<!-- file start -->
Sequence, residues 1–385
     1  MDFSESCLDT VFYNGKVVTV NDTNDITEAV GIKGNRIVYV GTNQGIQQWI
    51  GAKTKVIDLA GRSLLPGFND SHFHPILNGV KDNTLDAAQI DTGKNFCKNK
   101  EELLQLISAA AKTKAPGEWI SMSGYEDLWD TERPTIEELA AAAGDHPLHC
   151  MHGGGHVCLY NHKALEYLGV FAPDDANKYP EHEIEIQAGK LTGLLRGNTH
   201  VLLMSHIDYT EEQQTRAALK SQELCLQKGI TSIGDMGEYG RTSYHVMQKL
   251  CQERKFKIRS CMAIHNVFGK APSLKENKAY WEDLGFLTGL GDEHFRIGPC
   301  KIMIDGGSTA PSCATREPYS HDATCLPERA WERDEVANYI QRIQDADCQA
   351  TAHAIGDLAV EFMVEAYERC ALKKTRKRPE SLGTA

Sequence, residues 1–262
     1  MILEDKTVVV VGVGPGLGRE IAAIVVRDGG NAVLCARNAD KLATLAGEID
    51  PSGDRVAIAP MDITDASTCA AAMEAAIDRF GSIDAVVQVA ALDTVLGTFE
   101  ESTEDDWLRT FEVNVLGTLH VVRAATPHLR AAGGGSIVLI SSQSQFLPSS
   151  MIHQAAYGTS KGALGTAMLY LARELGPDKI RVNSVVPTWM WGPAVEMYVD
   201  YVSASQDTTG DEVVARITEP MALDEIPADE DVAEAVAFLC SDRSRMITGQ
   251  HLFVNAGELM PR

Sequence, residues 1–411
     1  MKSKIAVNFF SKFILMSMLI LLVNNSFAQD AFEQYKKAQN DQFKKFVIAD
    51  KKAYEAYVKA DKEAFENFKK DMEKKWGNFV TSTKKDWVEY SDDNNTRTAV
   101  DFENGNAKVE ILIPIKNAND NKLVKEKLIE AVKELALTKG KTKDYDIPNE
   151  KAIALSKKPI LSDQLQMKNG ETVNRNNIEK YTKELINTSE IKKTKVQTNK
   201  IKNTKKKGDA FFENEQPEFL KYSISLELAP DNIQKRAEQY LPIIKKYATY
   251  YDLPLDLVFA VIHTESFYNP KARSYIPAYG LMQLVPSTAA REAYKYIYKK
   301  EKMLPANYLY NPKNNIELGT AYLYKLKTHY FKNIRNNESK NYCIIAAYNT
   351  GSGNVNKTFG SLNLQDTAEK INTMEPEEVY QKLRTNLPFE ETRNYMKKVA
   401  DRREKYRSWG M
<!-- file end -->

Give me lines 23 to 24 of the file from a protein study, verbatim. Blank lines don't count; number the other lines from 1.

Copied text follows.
   251  YDLPLDLVFA VIHTESFYNP KARSYIPAYG LMQLVPSTAA REAYKYIYKK
   301  EKMLPANYLY NPKNNIELGT AYLYKLKTHY FKNIRNNESK NYCIIAAYNT